An important way to support diversity and inclusion is to begin by providing space in NCA for inclusion of more diversity. The recent addition of four new divisions has some members concerned about whether this will result in a reduction of space for existing caucuses and divisions. In my statement posted as part of the election process, I mention that I would like to see NCA develop ways to use technology to eliminate space restrictions. By creating online (virtual) convention interactions, it will be possible to increase the space available for very small groups with similar interests or concerns. So for example, by living in Oklahoma, I am more aware of Native American issues than I previously was. It is unlikely that at any time in the near future that there will be enough NCA members interested in Native American issues to meet the current minimum requirements for a caucus or division and there will not be room at the convention for them to meet. By creating online convention space at almost no cost, it will be possible to provide room in NCA to include very small groups of people representing diverse interests and concerns. It will also provide existing groups, like the LGBTQ Caucus, addition space for research and advocacy interactions.

Do you have any specific programs in mind that would help increase LGBTQ diversity and inclusiveness in the association?

My goal if elected would be to listen to the concerns of the NCA membership during my years as 2nd VP elect and then as 2nd VP by attending regional conferences and business meetings of divisions to learn ways to improve NCA to better serve its membership. This would include listening to the LGBTQ Caucus and other groups with concerns. Then during my year as 1st VP planning the conference I would hope to implement some of those changes or push for them as President. I believe it will be more effective for me to develop specific programs after listening to the membership rather than for me to try to impose programs that I think might work before listening.

Are there any specific initiatives that you are considering, which are targeted to diversity and inclusion with respect to academic hiring?

Because academic hiring is done at the local university or college, and not by NCA, it is difficult for me to see ways that NCA can develop initiatives that will actually improve hiring processes at the local level. NCA can continue to make strides for inclusion in position advertising like it has recently done and by emphasizing that it opposes discrimination of any type. I am open to listening to other ways to accomplish this.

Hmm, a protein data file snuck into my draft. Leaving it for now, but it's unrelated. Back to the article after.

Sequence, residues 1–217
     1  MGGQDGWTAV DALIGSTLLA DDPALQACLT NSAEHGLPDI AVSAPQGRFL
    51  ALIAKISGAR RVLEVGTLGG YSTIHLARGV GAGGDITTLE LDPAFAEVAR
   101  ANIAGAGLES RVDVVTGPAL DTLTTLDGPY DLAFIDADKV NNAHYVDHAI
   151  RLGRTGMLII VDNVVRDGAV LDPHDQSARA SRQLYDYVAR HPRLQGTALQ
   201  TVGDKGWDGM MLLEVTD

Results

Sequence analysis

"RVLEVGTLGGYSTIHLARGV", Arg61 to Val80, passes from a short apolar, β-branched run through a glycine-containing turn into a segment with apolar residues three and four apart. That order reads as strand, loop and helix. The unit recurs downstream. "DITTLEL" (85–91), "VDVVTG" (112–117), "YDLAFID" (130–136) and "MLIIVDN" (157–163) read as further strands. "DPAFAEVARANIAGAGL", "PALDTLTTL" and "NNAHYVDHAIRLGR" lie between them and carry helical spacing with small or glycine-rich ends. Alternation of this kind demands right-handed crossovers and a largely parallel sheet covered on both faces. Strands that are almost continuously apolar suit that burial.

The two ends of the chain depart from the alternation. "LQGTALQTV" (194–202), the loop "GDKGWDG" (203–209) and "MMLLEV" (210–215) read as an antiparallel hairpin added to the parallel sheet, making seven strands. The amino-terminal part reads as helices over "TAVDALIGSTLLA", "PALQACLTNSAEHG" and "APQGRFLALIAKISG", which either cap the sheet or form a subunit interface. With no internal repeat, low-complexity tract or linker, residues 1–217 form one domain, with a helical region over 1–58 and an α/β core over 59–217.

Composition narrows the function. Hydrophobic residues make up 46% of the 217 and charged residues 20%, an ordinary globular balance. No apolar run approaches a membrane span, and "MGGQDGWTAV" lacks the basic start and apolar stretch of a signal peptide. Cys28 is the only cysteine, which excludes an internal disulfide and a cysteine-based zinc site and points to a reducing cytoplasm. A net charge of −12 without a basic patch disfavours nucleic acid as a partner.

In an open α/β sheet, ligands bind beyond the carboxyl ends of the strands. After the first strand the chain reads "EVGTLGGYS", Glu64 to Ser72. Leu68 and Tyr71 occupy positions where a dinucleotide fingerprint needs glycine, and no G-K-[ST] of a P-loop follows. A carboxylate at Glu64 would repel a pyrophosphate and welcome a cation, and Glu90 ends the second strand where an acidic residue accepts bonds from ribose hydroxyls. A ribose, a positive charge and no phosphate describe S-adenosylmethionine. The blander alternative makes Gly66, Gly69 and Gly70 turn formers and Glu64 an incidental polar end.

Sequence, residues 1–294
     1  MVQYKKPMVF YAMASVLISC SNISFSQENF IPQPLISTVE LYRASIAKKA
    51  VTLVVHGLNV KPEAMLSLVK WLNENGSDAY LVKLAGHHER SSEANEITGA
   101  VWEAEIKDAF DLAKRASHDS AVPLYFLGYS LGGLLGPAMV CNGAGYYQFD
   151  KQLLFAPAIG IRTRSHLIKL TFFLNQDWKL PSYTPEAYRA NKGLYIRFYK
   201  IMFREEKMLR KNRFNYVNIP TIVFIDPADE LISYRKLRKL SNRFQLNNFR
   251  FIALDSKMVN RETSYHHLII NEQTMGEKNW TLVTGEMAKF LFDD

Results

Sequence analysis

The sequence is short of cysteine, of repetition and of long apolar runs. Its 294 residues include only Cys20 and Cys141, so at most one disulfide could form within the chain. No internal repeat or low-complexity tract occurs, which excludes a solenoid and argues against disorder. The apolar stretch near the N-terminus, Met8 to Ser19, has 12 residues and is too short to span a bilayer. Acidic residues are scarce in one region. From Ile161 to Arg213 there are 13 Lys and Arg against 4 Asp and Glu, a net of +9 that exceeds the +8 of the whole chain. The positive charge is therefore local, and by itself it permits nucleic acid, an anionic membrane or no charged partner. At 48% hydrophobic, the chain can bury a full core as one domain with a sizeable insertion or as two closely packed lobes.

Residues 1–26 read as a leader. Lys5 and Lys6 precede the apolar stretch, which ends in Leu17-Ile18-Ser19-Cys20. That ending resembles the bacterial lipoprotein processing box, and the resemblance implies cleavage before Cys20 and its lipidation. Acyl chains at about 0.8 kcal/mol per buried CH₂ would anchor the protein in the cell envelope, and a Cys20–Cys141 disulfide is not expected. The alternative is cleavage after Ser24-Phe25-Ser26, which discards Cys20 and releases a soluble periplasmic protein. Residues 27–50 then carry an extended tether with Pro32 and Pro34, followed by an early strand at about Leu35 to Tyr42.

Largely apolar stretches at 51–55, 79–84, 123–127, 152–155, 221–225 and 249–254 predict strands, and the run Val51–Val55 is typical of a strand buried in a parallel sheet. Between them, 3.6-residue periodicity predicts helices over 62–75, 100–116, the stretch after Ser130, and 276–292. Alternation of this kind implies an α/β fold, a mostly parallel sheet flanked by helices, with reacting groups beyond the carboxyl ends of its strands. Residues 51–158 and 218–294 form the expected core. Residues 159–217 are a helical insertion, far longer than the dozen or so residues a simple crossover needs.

What have you done in the past to demonstrate your commitment to the mission of the Caucus for GLBTQ concerns?

My personal style is to work behind the scenes to promote change more so than to do things with a lot of public fanfare. So for example, when I was teaching public speaking in Texas in the 1980’s, textbooks warned against inappropriate humor based on racial stereotypes; I also urged my students to avoid humor based on homosexual stereotypes. I see that your caucus is opposed to the proposed bylaws in part because the way it limits diversity and inclusion. I imagine that you also opposed the bylaw changes voted down in 2014. I shared your same concern with the previous bylaw proposal and was pleased when they failed. I am in the process of determining whether the new proposal is any better. Like these examples, most of my efforts at supporting inclusion and diversity have been a routine part of my career, such as appointing the first female Director of Graduate Studies at Missouri in decades. I mentioned a few others in my opening statement. I will continue to work where I can to create a climate of inclusion of diversity. I know that Kathleen Turner has appointed a task force to address issues of inclusion and diversity and that the staff in the national office are involved in similar efforts. If I am elected, I will support continuation of those efforts and work to create a supportive climate for diversity in NCA.

Again, thank you for the opportunity to address your questions. Feel free to contact me if you have addition concerns. You can find out more about my candidacy and my career at http://faculty-staff.ou.edu/K/Michael.Kramer-1/vita/NCA2015.html

Advertisements
%d bloggers like this: